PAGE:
Meet Virginia Beach: From Data Pioneer to Digital City Winner

December 16, 2016 11:45 am PST | Open Data

The city of Virginia Beach is an open government pioneer, with a long, rich history of transparency. “Our mayor and city manager firmly believe that Virginia Beach is stronger when our citizens are well-informed and our leaders have access to the best data possible. Socrata is helping us do both,” says Catheryn R. Whitesell, Director of the Strategy, Transparency, Innovation & Resiliency Office.

In 2003, Virginia Beach opened the first Freedom of Information office in the commonwealth. More recently, the city launched an Open Budget site to share details about revenue and expenditure, as well as an Open Performance site, which provides information on performance metrics and goals. At the start of this year, Mayor Will Sessoms declared it the “Year of Connectivity” and as 2016 draws to a close, the city’s efforts to support that mission — including installation of a money-saving fiber optic network connecting 60 government facilities — have been rewarded with a first-place award in the Center for Digital Government’s 2016 Digital Cities Survey.

The Transparency Efforts Continue

With the launch of OpenVB Data Portal, the city is sharing 14 datasets, with information on crime data, employee salaries, restaurant inspection results, and more. Until now, all of this valuable information was locked away on dozens of government computers, where it was difficult to access for both staffers and interested residents, journalists, and local business owners.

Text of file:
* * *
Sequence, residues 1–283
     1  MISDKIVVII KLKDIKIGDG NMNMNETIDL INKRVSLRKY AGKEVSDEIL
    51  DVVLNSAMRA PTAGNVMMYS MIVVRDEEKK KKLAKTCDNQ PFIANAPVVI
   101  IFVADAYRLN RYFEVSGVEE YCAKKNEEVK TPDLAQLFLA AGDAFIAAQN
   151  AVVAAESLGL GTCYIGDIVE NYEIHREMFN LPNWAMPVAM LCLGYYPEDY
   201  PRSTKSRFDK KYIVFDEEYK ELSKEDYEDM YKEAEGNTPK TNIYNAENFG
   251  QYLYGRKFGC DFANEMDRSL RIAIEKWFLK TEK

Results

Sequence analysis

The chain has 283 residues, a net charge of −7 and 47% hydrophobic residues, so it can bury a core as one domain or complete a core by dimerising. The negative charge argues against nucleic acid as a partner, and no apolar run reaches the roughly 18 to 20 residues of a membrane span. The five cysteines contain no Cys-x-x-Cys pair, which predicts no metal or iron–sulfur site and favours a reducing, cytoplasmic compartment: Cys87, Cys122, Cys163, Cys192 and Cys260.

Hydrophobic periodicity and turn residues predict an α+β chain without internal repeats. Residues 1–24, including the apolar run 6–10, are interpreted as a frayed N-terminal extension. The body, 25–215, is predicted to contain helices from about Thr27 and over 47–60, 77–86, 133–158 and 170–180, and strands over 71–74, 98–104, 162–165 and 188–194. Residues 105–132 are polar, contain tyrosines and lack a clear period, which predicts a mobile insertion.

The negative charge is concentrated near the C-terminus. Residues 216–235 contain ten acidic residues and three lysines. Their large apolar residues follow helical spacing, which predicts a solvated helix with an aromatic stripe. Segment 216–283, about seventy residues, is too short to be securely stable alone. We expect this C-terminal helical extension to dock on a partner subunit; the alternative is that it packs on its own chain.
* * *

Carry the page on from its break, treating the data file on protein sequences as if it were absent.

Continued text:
“We’re cracking open databases to ferret out problem areas — and success stories. Soon, we will form teams to break down department silos and tap the numbers. We’ll look for new ways to serve residents better,” says Whitesell.  

Virginia Beach is one of the participants in the Bloomberg Philanthropies What Works Cities, which supported the city’s launch of the portal. For a city already comfortable with sharing rich, informative data with residents, the portal allows even more ease of access.

“Using the power of Socrata, people can be informed and engaged in the fascinating yet complex details of city government.”  

Whitesell comments, “If you keep an open mind, the data can lead you places you don’t expect. That’s the fun part. We think our citizens will like the results.” With all the information available on the site — both the positive stories, and the numbers that are ripe for improvement — Virginia Beach residents will get a view into the data behind the government’s actions. The city hopes the data will be used to spark innovation, inform the decision-making process, and promote civic engagement.

Learn how other cities are using data to improve quality of life for citizens.


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